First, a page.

Or maybe they're finding that DC comics characters can't draw in an audience for a television program.  Honestly, both the Green Lantern cartoon and Young Justice are really, really dark shows.  Avengers may be dopey and badly voice-acted, but the characters don't all seem perpetually miserable, and that's the Marvel cartoon, about heroes with real-life problems.  Go figure.

But DC and CN pulled the plug on Batman: Brave and the Bold, which was a terrific program, so what do I know?

Or, DC is holding off until the new Batman and other cartoons are in the can and they can have a true programming block of 2 hours or so.  Which would be keen.

The bottom line is - WB's investment in DC as a multimedia IP farm just went kaput very publicly on DVR's all across the country.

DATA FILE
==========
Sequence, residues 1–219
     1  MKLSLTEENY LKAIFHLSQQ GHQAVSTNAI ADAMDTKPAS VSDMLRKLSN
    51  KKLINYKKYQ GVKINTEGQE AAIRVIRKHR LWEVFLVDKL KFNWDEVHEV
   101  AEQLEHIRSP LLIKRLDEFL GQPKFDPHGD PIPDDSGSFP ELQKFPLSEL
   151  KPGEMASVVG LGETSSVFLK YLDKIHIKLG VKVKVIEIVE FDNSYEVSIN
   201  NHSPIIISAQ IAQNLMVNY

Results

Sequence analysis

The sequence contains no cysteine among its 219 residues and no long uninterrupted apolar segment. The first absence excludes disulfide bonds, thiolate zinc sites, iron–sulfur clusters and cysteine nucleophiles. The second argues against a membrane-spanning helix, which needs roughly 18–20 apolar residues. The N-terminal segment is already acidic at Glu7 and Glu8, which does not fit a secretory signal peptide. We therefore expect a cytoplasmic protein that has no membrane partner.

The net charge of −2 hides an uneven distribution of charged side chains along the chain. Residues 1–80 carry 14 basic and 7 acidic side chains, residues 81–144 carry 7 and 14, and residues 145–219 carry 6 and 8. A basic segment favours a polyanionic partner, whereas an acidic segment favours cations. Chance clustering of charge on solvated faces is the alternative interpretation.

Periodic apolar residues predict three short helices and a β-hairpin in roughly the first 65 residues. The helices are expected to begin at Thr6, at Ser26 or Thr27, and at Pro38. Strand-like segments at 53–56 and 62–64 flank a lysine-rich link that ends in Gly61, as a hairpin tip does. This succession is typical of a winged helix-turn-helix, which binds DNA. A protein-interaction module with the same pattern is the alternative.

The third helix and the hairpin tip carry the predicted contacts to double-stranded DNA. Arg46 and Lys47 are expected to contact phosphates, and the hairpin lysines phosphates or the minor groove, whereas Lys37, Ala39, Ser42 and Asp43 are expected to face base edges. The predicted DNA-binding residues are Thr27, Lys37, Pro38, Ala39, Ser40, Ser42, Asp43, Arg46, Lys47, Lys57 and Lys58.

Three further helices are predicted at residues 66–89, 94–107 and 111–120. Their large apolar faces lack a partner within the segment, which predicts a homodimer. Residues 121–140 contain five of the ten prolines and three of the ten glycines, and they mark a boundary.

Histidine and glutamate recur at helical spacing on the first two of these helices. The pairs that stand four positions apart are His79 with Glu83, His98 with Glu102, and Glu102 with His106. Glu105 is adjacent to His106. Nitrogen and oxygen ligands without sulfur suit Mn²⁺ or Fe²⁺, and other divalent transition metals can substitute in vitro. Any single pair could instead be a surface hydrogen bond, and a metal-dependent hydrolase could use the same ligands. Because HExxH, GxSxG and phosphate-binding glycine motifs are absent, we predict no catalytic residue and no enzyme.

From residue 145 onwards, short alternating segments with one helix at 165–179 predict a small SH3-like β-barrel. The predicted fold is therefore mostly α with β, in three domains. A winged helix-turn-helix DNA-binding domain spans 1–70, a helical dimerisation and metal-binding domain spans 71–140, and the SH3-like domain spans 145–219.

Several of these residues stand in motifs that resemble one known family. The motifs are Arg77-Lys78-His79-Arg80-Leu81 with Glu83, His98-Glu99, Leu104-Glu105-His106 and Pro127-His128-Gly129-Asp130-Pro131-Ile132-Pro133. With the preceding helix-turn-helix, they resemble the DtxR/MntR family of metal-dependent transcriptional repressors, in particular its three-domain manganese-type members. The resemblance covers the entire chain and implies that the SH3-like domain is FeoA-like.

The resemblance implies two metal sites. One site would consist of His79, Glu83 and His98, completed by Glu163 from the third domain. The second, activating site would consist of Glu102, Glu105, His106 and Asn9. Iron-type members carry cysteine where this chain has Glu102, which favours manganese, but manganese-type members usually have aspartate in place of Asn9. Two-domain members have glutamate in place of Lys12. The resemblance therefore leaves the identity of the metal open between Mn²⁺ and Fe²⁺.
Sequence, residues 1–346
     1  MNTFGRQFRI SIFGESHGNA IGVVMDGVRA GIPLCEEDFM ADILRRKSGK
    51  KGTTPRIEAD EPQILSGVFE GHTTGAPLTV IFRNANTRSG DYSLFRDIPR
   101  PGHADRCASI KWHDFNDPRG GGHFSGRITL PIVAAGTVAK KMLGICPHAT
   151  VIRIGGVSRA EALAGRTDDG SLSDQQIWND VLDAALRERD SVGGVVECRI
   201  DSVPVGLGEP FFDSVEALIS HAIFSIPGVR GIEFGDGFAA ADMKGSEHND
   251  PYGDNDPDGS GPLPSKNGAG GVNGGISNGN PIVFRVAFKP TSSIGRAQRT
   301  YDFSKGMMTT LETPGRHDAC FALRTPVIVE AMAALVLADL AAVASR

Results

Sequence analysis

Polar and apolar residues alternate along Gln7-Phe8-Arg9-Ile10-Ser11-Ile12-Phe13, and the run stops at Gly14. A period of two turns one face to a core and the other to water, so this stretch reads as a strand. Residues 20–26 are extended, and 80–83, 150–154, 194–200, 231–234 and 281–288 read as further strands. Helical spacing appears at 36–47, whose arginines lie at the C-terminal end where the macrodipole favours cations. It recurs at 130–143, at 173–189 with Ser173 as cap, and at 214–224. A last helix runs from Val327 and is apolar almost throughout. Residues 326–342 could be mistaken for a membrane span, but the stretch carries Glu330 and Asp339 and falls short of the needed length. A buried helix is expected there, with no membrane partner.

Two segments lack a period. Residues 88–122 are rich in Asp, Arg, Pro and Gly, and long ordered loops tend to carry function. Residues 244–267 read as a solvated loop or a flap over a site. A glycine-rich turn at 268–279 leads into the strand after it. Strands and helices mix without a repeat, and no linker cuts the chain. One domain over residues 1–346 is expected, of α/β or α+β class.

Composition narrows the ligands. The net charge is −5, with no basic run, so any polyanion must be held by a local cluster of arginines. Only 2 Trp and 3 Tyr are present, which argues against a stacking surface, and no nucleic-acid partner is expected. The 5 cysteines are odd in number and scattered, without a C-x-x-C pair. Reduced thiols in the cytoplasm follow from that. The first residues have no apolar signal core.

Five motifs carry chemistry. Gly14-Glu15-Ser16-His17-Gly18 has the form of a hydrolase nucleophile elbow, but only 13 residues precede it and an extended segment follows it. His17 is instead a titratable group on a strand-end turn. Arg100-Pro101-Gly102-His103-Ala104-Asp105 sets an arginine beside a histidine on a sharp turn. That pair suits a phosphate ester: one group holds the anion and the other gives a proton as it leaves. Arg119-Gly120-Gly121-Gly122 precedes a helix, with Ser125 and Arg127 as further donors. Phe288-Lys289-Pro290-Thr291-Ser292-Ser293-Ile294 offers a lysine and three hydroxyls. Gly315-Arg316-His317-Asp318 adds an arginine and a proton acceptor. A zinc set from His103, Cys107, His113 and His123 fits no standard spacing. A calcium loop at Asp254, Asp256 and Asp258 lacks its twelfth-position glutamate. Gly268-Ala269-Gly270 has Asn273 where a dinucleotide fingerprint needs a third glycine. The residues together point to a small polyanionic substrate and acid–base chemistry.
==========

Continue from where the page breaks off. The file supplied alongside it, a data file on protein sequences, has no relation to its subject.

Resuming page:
Meanwhile over in comics - The Supersuit

I have to think someone noticed Superman's new costume is more trouble than its worth.

In the January solicits, Superboy seems to have inherited the current costume, and Superman is back to jeans and t-shirt.

My guess is he winds up with something more movie-centric without the collar, or we get something much closer to the original suit.

I don't think anyone liked that supersuit.  And it would have been nice to see two artists draw it the same way.  Ie:  Do not let Jim Lee design your supersuits anymore.

Meanwhile, Steel's new look is spoiled on the cover for Animal Man.  I like John Henry Irons, but have no fixed idea regarding his look except:  it's gray or shiny metal.  So, this is fine.